Following on from this very neatly (if I do say so myself) is the idea that the ranking factors can be prioritised or weighted, making any one more important than the others. This would be super useful too. If there were a set few ranking factors that would make much more of a difference than anything else, then we would all have prescribed ways to absolutely smash our SEO.

Yet again, not so simple.

All ranking factors have their part to play. Links are important, but so is content and structure and technical elements. Unfortunately, you’ve got to give every factor some love to give yourself the best chances. No slacking!

SEO Myth 3: Guest blogging is against Google’s ToS

You could be forgiven for believing this, if for no other reason than Google’s ToS are convoluted and confusing and sometimes plain stupid. Plus, Google’s employees don’t seem to be able to agree on this, with Matt Cutts and John Mueller tying themselves in all kinds of twitter knots on the subject.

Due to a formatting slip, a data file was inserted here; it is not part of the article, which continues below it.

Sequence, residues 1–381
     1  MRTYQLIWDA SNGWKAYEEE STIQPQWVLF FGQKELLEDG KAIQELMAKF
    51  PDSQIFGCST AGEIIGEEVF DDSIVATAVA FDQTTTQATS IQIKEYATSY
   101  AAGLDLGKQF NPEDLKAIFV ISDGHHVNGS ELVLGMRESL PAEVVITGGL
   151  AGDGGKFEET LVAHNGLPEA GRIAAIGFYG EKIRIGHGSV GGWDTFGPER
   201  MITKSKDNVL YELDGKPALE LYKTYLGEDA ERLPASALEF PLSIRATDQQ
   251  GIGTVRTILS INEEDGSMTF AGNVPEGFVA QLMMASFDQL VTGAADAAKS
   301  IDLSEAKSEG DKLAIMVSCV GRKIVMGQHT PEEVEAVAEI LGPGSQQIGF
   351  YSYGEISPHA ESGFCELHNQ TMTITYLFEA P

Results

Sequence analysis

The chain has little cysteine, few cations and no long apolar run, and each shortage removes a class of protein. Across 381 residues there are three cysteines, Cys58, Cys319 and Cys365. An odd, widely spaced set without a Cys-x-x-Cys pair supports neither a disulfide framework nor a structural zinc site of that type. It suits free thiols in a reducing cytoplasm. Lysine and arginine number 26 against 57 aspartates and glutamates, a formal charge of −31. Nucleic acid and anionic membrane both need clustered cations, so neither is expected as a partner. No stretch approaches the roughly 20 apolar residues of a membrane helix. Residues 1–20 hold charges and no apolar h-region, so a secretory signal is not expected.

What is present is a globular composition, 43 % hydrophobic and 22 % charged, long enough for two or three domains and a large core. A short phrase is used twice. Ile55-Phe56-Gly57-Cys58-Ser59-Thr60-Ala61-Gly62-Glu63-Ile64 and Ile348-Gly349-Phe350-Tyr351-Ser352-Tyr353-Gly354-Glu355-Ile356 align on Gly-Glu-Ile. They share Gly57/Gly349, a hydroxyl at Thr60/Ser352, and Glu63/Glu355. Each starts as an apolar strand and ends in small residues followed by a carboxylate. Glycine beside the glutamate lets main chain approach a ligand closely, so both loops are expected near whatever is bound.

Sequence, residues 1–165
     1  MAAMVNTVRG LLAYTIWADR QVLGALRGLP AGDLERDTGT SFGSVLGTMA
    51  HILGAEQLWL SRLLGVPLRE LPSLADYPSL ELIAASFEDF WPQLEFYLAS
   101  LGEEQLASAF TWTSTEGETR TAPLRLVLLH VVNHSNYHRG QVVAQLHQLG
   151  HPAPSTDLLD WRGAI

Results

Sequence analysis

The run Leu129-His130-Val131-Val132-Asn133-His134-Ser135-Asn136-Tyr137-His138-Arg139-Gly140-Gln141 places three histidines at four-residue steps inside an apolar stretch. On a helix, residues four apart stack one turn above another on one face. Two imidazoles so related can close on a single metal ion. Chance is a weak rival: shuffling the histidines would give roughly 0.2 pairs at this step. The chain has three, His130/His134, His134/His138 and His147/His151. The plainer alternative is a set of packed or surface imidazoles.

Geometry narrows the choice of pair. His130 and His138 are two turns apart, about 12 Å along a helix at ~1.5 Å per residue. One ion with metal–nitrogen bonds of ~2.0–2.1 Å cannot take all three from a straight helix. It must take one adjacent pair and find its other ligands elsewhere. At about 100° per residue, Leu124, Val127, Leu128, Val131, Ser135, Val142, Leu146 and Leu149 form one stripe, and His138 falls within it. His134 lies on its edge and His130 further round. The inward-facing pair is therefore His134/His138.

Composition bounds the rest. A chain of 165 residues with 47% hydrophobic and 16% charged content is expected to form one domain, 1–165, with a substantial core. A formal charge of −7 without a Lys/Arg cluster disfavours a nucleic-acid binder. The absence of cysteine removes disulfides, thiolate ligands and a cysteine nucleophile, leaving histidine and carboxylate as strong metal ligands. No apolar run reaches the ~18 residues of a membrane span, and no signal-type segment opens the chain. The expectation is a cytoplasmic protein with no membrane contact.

But, if you think guest blogging is entirely a no-no, you would be mythtaken. (I couldn’t help myself).

The cut and thrust of it is that guest blogging has a lot of benefits. We all know about the authority and links and exposure that guest blogging can provide. So, as with most things in SEO, do it for quality rather than quantity (or at least cover your tracks) and you shouldn’t be penalised.

SEO Myth 4: There’s no point putting noindex directives in robots.txt file

You might believe that Google ignores noindex directives in your robots.txt file, and that you need to use meta noindex tags on the specific page if you don’t want it to rank. Well, that’s probably because Google’s John Mueller told us all not to rely on robots.txt.

However, testing has shown that using robots.txt does work. What’s more, robots.txt is cleaner than having multiple confusing directives and you can use it to noindex groups of URLs all at once, rather than having to do them all individually. So that’s handy.

SEO Myth 5: JS-injected canonical tags don’t work

Ok, so injecting canonical tags isn’t the most efficient approach, because it can take a while for JS-injected target URLs to be picked up by the search engine, but tests have shown that they do work eventually.